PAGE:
Male sterility has a very important role in the sterile couple, since around 30% of the problems when it comes to getting pregnant correspond to a male factor.
The sterile man usually presents a low seminal quality in most cases, which means that their sperm do not have enough capacity to fertilize the egg and result in a pregnancy.
Depending on the cause of this male infertility, it will be possible to apply a specific treatment that allows these couples to be parents.
Below you have an index with the 9 points we are going to deal with in this article.
Reasons for infertility in males
Male sterility can be caused by a series of factors that can be classified into four groups:
- Pre-testicular or endocrine factor
- hormone imbalances affecting the development and/or the testicular function.
- Testicular factor
- when the cause of infertility can be found directly on the testes.
- Post-testicular factor
- problems with the ejection of sperm.
- Sperm abnormalities
- issues directly linked to the quality of the sperm produced.
In spite of the wide range of causes leading to male sterility, each one of them affects the quality of the ejaculated sperm to some extent. In order for a semen sample to have the adequate quality, parameters such as sperm concentration, sperm motility, sperm morphology, and sperm vitality should be within the normal values.
In order to diagnose what may be the cause of male sterility, it is necessary to perform some diagnostic tests, among which the spermogram stands out. If you would like more information about this, we recommend that you visit the following article: Male Fertility Testing.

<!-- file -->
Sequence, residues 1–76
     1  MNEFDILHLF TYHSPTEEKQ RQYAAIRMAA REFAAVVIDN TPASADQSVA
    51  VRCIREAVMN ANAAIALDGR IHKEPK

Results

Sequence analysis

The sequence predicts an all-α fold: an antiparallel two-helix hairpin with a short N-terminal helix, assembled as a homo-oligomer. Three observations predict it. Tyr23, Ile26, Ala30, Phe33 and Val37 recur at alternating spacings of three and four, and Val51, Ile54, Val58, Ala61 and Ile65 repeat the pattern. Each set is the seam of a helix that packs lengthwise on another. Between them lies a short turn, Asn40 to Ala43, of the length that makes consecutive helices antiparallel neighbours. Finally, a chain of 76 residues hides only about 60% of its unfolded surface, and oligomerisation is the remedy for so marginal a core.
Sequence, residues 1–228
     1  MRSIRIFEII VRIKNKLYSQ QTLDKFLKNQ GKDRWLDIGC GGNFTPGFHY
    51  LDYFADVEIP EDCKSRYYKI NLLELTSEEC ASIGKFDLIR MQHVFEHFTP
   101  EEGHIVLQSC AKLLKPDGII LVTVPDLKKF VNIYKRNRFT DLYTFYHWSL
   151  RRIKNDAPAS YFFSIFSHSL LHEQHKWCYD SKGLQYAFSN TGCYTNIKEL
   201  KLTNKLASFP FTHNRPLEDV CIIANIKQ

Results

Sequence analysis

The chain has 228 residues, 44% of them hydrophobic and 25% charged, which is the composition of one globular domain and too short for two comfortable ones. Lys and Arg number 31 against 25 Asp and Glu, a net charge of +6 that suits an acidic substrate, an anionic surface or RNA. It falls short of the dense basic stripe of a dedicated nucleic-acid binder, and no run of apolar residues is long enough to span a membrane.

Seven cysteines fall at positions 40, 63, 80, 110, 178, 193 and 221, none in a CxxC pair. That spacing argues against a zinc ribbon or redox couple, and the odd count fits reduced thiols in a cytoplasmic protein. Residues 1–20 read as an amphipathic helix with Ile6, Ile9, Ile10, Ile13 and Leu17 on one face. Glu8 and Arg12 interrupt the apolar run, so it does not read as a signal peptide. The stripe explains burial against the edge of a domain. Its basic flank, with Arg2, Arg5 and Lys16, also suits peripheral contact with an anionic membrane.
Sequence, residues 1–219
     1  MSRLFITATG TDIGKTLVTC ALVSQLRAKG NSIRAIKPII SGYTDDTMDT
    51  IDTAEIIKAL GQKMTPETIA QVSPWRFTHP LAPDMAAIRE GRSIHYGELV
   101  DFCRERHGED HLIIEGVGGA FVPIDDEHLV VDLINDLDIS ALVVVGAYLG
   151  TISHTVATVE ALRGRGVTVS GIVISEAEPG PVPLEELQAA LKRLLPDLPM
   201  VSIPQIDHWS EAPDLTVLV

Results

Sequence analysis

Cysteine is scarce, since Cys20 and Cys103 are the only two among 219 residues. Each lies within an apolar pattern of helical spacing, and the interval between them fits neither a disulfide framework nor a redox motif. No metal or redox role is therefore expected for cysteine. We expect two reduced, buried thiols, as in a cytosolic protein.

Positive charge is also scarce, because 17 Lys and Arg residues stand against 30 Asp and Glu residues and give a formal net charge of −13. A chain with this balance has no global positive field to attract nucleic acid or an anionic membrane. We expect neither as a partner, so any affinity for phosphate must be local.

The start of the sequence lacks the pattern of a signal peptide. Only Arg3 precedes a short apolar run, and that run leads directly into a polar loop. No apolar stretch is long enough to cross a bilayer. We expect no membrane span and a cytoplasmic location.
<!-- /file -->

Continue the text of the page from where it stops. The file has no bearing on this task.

Below, you will learn more about each type of male infertility:
Pre-testicular or endocrine causes
This type of male infertility is caused by problems with the hormonal regulation of the spermatogenesis, in other words, the sperm production.
The hormones secreted by the pituitary gland, LH and FSH, which act on the male reproductive function, may be altered for any of the following reasons:
- Unhealthy lifestyle habits
- Hypothyroidism and hyperthyroidism
- Hypogonadism hypogonadotropic
These alterations can be due to congenital problems or be caused by external factors such as some substances or drugs ( for example, anabolic agents), which can affect the entire hormonal regulation system and cause fertility problems.
You can learn more about this subject reading this post: Pre-testicular causes of male infertility.
When we say testicular causes of male infertility, we refer to any factor affecting directly the testes. An alteration or defect in these reproductive organs can be congenital or acquired, that is, caused by external agents at any point in the patient's life:
- Congenital anomalies or abnormalities
- Caused by genetic diseases, either by chromosomal conditions (i.e. the Klinefelter Syndrome), genetic causes, like the Noonan syndrome, or diseases caused by defects in the genes of the Y chromosome.
- Acquired disorders
- In this group, we find those problems caused as a side effect or adverse reaction of certain drugs, such as chemotherapy, drug use, radiotherapy, trauma, infections, etc. The best-known pathologies are varicocele, cryptorchidism, orchitis and hydrocele.